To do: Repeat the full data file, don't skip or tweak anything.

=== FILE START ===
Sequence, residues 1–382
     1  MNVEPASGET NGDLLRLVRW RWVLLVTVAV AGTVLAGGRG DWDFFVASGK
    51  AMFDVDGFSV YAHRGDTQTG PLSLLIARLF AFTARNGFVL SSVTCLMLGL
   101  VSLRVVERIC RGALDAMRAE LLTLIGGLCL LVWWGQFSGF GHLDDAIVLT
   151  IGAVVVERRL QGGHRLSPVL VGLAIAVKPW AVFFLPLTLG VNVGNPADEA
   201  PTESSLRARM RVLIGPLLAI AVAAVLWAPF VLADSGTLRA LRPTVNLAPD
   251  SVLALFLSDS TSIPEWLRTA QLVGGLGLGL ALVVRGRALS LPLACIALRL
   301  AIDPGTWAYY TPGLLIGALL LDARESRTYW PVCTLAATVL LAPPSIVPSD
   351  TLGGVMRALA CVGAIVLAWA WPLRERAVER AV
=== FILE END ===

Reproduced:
Sequence, residues 1–382
     1  MNVEPASGET NGDLLRLVRW RWVLLVTVAV AGTVLAGGRG DWDFFVASGK
    51  AMFDVDGFSV YAHRGDTQTG PLSLLIARLF AFTARNGFVL SSVTCLMLGL
   101  VSLRVVERIC RGALDAMRAE LLTLIGGLCL LVWWGQFSGF GHLDDAIVLT
   151  IGAVVVERRL QGGHRLSPVL VGLAIAVKPW AVFFLPLTLG VNVGNPADEA
   201  PTESSLRARM RVLIGPLLAI AVAAVLWAPF VLADSGTLRA LRPTVNLAPD
   251  SVLALFLSDS TSIPEWLRTA QLVGGLGLGL ALVVRGRALS LPLACIALRL
   301  AIDPGTWAYY TPGLLIGALL LDARESRTYW PVCTLAATVL LAPPSIVPSD
   351  TLGGVMRALA CVGAIVLAWA WPLRERAVER AV